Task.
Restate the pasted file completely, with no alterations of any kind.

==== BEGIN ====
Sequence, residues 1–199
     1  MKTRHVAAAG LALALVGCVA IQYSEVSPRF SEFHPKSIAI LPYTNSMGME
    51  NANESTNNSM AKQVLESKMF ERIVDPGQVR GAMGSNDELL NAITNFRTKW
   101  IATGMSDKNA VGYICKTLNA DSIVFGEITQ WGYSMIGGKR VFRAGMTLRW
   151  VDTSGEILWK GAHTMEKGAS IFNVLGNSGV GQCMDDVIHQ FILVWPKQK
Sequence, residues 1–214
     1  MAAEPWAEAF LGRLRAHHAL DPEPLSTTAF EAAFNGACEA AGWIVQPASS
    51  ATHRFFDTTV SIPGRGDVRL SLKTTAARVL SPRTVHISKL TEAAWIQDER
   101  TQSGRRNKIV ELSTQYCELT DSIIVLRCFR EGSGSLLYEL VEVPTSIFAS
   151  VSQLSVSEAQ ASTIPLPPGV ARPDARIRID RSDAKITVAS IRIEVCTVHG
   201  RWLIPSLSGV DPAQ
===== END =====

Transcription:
Sequence, residues 1–199
     1  MKTRHVAAAG LALALVGCVA IQYSEVSPRF SEFHPKSIAI LPYTNSMGME
    51  NANESTNNSM AKQVLESKMF ERIVDPGQVR GAMGSNDELL NAITNFRTKW
   101  IATGMSDKNA VGYICKTLNA DSIVFGEITQ WGYSMIGGKR VFRAGMTLRW
   151  VDTSGEILWK GAHTMEKGAS IFNVLGNSGV GQCMDDVIHQ FILVWPKQK
Sequence, residues 1–214
     1  MAAEPWAEAF LGRLRAHHAL DPEPLSTTAF EAAFNGACEA AGWIVQPASS
    51  ATHRFFDTTV SIPGRGDVRL SLKTTAARVL SPRTVHISKL TEAAWIQDER
   101  TQSGRRNKIV ELSTQYCELT DSIIVLRCFR EGSGSLLYEL VEVPTSIFAS
   151  VSQLSVSEAQ ASTIPLPPGV ARPDARIRID RSDAKITVAS IRIEVCTVHG
   201  RWLIPSLSGV DPAQ